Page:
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City of Berkeley Wins (Again) in CTIA RF Warnings Law Suit

Yesterday, the 9th Circuit ruled (again) in favor of the City of Berkeley in CTIA’s law suit regarding the City’s requirement that cell phone vendors alert purchasers to FCC-required RF warnings.

The City of Berkeley requires in its current Municipal Code the following:

9.96.030 Required notice

A.    A Cell phone retailer shall provide to each customer who buys or leases a Cell phone a notice containing the following language:

The City of Berkeley requires that you be provided the following notice:

To assure safety, the Federal Government requires that cell phones meet radio frequency (RF) exposure guidelines. If you carry or use your phone in a pants or shirt pocket or tucked into a bra when the phone is ON and connected to a wireless network, you may exceed the federal guidelines for exposure to RF radiation. Refer to the instructions in your phone or user manual for information about how to use your phone safely.

B.    The notice required by this Section shall either be provided to each customer who buys or leases a Cell phone or shall be prominently displayed at any point of sale where Cell phones are purchased or leased. If provided to the customer, the notice shall include the City’s logo, shall be printed on paper that is no less than 5 inches by 8 inches in size, and shall be printed in no smaller than a 18-point font. The paper on which the notice is printed may contain other information in the discretion of the Cell phone retailer, as long as that information is distinct from the notice language required by subdivision (A) of this Section. If prominently displayed at a point of sale, the notice shall include the City’s logo, be printed on a poster no less than 8-1/2 by 11 inches in size, and shall be printed in no small than a 28-point font. The City shall make its logo available to be incorporated in such notices.

C.    A Cell phone retailer that believes the notice language required by subdivision (A) of this Section is not factually applicable to a Cell phone model that retailer offers for sale or lease may request permission to not provide the notice required by this Section in connection with sales or leases of that model of Cell phone. Such permission shall not be unreasonably withheld. (Ord. 7443-NS § 1, 2015; Ord. 7404-NS § 1 (part), 2015)

The CTIA challenged the current law saying, essentially, that the City was forcing wireless providers to ‘speak’ thus violating their First Amendment rights.  The District Court hearing the case denied CTIA’s request to bar the City from enforcing its RF disclosure rules.  The CTIA appealed to the 9th Circuit.

In its original decision on CTIA’s appeal, a 3-judge panel of the 9th Circuit disagreed with CTIA and allowed the ordinance to remain in force.  The CTIA then asked the Supreme Court to review the 9th Circuit decision.

The Supreme Court took the case, vacated the 9th Circuit decision supporting the City, and remanded the case back to the 9th Circuit directing that the Circuit Court reevaluate the decision in light of the Supreme Court’s holding in National Institute of Family and Life Advocates v. Becerra, 138 S. Ct. 2361, 201 L. Ed. 2d 835 (2018) (“NIFLA”).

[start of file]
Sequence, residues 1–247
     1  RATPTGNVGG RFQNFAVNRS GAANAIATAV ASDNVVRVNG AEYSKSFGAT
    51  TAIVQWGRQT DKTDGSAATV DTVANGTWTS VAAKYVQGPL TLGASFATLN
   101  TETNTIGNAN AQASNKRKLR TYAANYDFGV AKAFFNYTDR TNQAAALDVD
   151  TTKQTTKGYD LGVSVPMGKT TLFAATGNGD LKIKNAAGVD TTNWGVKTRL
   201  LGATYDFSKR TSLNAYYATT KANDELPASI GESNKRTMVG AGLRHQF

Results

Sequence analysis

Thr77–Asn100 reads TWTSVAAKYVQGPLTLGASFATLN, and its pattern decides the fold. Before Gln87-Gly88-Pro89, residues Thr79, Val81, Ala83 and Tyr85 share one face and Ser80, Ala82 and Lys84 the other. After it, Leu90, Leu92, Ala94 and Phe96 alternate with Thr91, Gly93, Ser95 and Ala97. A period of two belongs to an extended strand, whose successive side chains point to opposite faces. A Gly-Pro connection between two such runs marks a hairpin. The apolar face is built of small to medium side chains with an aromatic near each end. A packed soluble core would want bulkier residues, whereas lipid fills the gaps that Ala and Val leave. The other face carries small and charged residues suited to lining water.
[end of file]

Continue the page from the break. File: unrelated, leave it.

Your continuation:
The NIFLA case challenged a California law requiring compelled speech by anti-abortion counseling centers that included references to abortion clinics.  In a 5-4 decision, the Supreme Court overturned the California law citing a violation of the First Amendment.

NIFLA connects to CTIA by way of the Supreme Court’s analysis in NIFLA that said that a lower level of First Amendment protection exists for noncontroversial professional speech.  In NIFLA, the majority in the Supreme Court said,

[O]ur precedents have applied more deferential review to some laws that require professionals to disclose factual, noncontroversial information in their “commercial speech.” See, e.g., Zauderer v. Office of Disciplinary Counsel of Supreme Court of Ohio, 471 U. S. 626, 651 (1985); Milavetz, Gallop & Milavetz, P. A. v. United States, 559 U. S. 229, 250 (2010); Ohralik v. Ohio State Bar Assn., 436 U. S. 447, 455–456 (1978).

According, the Supreme Court’s remand to the 9th Circuit required that the Circuit Court evaluate whether the City’s RF notice was factual, noncontroversial information.

In the case re-decided yesterday in favor of Berkeley, the majority said:

Given the FCC’s requirement that cell phone manufacturers must inform consumers of “minimum test separation distance requirements,” and must “clearly disclose[ ]” accessory operating configurations “through conspicuous instructions in the user guide and user manual, to ensure unsupported operations are avoided,” we see little likelihood of success based on conflict preemption.

Berkeley’s compelled disclosure does no more than alert consumers to the safety disclosures that the FCC requires, and direct consumers to federally compelled instructions in their user manuals providing specific information about how to avoid excessive exposure. Far from conflicting with federal law and policy, the Berkeley ordinance complements and reinforces it.

Yesterday’s decision cited existing disclosures in the FCC Record, as well as cell phone manufacturer warnings.

On remand, the 9th Circuit found that Berkeley’s RF law as non-controversial under the Supreme Court’s holding in NIFLA.  A dissent by Circuit Judge Friedland takes the opposite position.

The decision and dissent are provided in this link: CTIA v Berkeley. Case No. 16-15141

It seems likely that there will be another petition by the CTIA to review yesterday’s decision.

Jonathan

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